James and Nicki always wanted to work in the forensic sciences. Whilst reading towards their undergraduate degrees they would borrow as many books from the library as they could on forensics and watch the popular television programmes about ‘forensic experts.’ One day when looking though an interesting book about case studies in forensics Nicki came across an interesting case study.
In 1988, Barry Laughman confessed during interrogation to the charges of rape and murder of his neighbour. The following day tests revealed that the person who committed the crime had Type A blood whilst Laughman had Type B. Aware that Laughman had confessed to the crimes the state forensic chemists proposed four theories (none of which were scientific) to dismiss the mismatch. Laughman was in due course convicted and sentenced to 16 years in prison. He was eventually released in November 2003 after a re-examination of the DNA evidence.
The case of Barry Laughman gives us a clear example of the influence of confirmation bias in the forensic sciences. The confirmation bias is shown when an individual ignores evidence that goes against what they believe whilst trying to confirm the belief (Dror, 2006). In Barry’s case the Virginian state forensic chemist ignored contradictory evidence and persisted in dismissing the mismatch in DNA evidence.
The confirmation bias causes problems in all areas of decision-making. In the forensic sciences errors in decision-making, as caused by the confirmation bias can have severe consequences innocent people can spend a lifetime in prison, and the actual criminal can go on to reoffend. In the forensic sciences, the confirmation bias has been reported by the National Academy of Sciences (2009) in firearms, hair and fibre analysis, blood splatter, hand-writing and fingerprints (Kossin et al., 2013; Garrett et al., 2011).
In a recent study investigators found an interesting example of how the confirmation bias can influence the outcome of a forensic analysis (Ulery et al., 2012). The investigators gave forensic fingerprint examiners the same evidence twice, at approximately 10% of the time the examiners reached different conclusions (Ulery et al., 2012). Three of the reasons as to why the examiners reached differing conclusions are (i) examiners often receive direct communication from the police (e.g., letters, phone calls etc), (ii) cross-communication between examiners, and (iii) examiners overstating the strength of evidence.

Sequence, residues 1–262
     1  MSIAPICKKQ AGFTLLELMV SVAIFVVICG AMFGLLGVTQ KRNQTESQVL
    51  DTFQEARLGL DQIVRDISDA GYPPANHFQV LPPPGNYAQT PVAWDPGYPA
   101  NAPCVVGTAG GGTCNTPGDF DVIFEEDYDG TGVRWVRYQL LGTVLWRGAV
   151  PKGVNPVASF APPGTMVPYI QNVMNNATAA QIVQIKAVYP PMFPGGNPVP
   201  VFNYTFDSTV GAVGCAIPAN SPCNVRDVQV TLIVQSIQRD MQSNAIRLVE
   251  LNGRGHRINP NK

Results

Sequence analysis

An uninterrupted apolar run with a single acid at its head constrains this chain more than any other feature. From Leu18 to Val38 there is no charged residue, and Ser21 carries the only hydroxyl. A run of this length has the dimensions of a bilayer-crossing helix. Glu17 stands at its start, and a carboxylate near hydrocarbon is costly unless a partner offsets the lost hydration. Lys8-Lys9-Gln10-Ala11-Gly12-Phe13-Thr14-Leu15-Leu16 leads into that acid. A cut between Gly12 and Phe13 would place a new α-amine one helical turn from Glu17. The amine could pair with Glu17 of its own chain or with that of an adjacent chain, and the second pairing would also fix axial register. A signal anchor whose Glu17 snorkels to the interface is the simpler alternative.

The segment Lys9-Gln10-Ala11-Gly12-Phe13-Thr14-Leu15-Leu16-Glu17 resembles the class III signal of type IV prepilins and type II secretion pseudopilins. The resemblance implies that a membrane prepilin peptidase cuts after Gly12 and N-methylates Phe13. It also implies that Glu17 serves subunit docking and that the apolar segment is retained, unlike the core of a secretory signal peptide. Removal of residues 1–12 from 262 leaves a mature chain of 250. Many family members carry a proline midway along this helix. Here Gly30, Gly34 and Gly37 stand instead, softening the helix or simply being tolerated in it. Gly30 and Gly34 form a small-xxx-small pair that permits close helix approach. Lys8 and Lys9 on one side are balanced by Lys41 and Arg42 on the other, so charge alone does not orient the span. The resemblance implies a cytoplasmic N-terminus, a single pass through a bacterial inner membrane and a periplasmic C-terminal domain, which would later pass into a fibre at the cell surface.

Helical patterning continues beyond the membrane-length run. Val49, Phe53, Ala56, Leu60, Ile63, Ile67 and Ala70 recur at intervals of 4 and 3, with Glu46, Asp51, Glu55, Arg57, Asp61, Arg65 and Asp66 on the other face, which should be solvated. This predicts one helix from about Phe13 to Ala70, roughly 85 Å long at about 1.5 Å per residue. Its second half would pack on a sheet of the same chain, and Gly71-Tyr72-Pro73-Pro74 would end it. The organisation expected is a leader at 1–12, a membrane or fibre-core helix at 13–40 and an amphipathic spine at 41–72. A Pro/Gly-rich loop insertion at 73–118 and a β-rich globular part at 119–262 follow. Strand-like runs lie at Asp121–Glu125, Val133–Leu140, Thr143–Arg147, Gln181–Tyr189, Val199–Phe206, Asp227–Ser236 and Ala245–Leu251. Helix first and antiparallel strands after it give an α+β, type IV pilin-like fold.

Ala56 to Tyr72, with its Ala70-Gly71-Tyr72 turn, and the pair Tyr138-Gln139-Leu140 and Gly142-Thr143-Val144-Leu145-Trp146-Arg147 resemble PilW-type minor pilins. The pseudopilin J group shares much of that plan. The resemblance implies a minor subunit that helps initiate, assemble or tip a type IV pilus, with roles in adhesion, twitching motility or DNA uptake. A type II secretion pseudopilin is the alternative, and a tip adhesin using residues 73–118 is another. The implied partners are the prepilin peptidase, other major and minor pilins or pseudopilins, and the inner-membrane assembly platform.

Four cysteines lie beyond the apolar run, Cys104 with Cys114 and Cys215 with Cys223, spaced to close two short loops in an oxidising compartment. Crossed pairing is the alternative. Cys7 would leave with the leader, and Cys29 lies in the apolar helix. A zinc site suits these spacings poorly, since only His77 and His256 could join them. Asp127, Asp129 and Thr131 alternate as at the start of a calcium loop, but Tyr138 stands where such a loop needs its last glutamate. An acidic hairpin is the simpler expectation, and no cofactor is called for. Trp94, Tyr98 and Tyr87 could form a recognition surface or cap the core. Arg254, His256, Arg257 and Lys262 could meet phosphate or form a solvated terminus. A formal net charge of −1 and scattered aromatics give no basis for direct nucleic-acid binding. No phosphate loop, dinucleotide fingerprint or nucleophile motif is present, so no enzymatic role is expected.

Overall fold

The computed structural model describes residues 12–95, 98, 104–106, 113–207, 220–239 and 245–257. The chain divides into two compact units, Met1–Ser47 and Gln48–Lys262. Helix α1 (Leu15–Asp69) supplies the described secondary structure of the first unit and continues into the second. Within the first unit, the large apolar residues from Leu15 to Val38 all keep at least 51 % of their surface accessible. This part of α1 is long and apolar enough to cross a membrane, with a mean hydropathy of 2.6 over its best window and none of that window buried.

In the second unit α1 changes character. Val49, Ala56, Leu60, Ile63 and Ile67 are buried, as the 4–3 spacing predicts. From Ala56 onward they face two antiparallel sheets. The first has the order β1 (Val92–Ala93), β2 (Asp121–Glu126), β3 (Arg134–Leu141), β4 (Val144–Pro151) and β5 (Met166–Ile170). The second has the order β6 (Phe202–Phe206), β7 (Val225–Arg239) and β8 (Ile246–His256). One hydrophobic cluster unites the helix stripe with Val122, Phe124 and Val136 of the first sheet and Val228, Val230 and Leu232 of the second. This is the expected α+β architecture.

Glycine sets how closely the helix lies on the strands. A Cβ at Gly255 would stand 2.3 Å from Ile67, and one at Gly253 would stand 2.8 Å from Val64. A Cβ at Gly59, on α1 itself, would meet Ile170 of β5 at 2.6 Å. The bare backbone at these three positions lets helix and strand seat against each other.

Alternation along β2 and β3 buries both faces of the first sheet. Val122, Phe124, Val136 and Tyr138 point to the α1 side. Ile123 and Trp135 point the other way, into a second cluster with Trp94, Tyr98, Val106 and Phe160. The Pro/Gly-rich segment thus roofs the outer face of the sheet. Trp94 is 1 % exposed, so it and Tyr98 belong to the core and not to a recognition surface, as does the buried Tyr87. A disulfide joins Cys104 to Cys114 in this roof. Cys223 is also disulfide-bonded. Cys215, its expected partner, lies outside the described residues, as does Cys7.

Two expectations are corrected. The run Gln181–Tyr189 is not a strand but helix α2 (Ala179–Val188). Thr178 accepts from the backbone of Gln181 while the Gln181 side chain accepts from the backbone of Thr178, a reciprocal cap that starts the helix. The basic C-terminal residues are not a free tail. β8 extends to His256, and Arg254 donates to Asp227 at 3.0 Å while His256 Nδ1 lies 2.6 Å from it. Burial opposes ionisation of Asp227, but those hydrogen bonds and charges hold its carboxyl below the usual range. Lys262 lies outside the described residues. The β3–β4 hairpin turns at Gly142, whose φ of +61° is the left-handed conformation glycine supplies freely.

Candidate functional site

There are measures that can be taken to prevent the confirmation bias. The FBI’s Latent Print Unit revised their Standard Operating Procedures (SOP) (Cole et al., 2005). They adopted a programme of masked verification whereby fingerprint comparisons that involve a single print are masked-verified (i.e., in isolation with no further information about the print). The change in SOP prevents the second examiner from inferring the first examiner’s conclusion when two examiners individually examine the evidence (Office of the Inspector General, 2011).
Other measures that can be undertaken to prevent the confirmation bias include training all forensic examiners so that they know about cognitive biases. Just two of the courses help to install knowledge of cognitive biases are the FBI’s week-long Facial Comparison and Identification Training and the Australian government’s 2-day long facial comparison course. The linear examination of evidence by multiple examiners (Heyer et al., 2013), cross-laboratory verification (Kossin et al., 2013) and peer verification (Heyer et al., 2011) can all help in reducing the impact of the confirmation bias in the forensic sciences.
So, like James and Nicki if you are interested in working in the forensic sciences it is important to learn about the influence of cognitive biases on decision-making. Some private forensic companies have begun to provide training for their employees, and some governments have started to provide training. With adequate training one day we may be able avoid false convictions.